Intelligent, autonomous vehicles will need to process extraordinary amounts of data to execute true self-driving capability. According to an Intel executive, the components used in autonomous vehicles – cameras, RADAR, sonar, GPS and LIDAR and many other small, high-functionality devices – could see each vehicle generate as much as 4,000 GB of data per day!*
Autonomous electronics can no longer occupy the entire trunk as some early versions do today. We need to add all the functionality, but it needs to be much smaller and better integrated. The only option is to make the electronics in a smaller form factor, which brings us to the distinct contribution of HDI technology.
User demand drives design and production innovation. Early mobile phones weighed 2.5 pounds (1.5g), were ten inches long, and had a phone battery life of 30 minutes before needing to be recharged for 10 hours, a significant “mobile” contrast to the sleek smartphones we use today. Many innovation cycles later, the new mobile phone is not only extremely thin by 1980s phone standards, but it includes a lot more functionality including displays, RF connectivity, etc. This technology evolution of size miniaturization in concert with increased function is not dissimilar to today’s autonomous car’s technology trajectory.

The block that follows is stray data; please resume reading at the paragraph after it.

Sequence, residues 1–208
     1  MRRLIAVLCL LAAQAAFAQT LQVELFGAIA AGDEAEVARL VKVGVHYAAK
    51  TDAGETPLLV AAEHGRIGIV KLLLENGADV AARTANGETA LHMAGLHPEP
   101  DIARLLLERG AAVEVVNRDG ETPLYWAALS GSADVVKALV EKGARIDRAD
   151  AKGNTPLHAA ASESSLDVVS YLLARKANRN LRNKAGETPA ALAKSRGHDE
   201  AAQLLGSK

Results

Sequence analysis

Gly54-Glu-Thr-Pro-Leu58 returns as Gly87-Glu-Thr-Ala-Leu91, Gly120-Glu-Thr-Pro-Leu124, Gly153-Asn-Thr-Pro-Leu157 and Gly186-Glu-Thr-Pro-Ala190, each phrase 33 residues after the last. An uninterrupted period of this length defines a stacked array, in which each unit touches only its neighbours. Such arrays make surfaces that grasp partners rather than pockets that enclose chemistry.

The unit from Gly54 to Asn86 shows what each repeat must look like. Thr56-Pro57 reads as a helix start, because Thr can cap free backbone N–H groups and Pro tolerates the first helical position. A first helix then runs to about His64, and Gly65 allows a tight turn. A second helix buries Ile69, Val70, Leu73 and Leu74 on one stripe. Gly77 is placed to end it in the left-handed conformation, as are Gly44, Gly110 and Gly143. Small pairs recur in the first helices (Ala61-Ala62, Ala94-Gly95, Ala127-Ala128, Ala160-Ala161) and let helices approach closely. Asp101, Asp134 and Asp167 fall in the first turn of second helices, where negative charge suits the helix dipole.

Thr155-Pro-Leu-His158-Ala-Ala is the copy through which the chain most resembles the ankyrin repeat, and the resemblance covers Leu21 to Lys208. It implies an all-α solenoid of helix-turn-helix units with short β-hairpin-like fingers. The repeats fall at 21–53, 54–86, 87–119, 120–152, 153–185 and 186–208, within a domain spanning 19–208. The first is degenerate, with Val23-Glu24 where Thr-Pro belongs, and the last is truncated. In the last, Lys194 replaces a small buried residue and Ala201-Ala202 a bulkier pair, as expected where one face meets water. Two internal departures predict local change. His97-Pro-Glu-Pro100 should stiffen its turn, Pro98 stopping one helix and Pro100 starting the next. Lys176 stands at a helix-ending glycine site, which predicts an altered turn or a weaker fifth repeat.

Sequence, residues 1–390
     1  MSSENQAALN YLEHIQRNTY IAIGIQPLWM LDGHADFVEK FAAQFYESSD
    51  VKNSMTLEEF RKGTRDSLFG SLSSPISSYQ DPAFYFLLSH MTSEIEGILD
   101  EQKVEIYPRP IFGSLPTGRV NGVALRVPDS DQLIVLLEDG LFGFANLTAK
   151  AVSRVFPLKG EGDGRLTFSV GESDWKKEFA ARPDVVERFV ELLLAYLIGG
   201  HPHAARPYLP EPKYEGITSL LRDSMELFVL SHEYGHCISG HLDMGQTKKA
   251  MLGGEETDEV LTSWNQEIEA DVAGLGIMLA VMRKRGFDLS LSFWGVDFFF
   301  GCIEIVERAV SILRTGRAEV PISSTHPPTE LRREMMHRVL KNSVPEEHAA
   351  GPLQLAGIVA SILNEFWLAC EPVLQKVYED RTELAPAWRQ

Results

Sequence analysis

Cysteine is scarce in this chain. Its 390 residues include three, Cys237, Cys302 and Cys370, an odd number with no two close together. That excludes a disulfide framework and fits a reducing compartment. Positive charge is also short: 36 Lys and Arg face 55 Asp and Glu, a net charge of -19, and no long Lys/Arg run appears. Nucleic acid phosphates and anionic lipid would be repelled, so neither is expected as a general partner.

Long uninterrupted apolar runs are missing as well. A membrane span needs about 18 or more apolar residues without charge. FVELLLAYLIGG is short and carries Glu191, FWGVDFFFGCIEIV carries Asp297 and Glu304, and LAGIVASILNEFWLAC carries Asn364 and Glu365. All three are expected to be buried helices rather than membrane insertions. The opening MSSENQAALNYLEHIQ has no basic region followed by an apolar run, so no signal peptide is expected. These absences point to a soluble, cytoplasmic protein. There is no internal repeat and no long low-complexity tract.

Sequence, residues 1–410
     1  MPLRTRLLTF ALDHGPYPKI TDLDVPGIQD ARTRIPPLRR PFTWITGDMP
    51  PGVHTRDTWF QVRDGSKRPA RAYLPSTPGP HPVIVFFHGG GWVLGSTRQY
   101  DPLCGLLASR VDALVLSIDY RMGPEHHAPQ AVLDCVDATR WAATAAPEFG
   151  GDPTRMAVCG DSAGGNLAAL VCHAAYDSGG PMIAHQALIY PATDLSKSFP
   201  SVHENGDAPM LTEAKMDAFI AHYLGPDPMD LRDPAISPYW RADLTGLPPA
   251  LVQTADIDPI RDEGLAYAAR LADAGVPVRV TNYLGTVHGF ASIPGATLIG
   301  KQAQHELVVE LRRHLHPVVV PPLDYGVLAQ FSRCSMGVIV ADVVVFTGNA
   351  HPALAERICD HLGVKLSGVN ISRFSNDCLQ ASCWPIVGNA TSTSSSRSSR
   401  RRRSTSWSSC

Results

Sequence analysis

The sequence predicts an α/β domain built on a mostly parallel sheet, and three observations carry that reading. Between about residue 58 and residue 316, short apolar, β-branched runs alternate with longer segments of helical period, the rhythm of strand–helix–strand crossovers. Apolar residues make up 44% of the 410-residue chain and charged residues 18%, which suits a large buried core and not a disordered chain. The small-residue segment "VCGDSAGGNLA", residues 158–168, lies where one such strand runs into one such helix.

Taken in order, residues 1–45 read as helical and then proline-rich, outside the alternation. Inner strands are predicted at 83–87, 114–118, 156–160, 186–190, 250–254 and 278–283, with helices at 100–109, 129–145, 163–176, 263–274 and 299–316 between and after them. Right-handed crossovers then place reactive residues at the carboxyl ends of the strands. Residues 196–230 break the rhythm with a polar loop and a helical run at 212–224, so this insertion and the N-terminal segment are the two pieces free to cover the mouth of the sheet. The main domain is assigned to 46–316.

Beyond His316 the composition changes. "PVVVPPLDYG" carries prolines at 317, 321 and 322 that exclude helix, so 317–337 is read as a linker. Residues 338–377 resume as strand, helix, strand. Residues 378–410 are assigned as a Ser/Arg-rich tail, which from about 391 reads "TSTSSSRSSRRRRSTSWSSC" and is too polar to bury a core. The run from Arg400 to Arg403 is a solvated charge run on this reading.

Hi-density Interconnect PCB technology or HDI took the early mobile phone from its larger predecessor to the small phone we have today. It now is enabling the same capability for autonomous vehicle designs that require more function per unit area in a dense, lightweight, and smaller form factor.
HDI enables reliable, compact designs that provide advanced functionality in a dense, small form factor, ultimately responding to the performance needs of autonomous vehicles. In addition, for manufacturers challenged with delivering cost-effective and market-ready autonomous vehicles, this proven and tested solution has a demonstrated ability to be manufactured in high volumes and has an established supply chain which can drive competitive pricing and higher yields.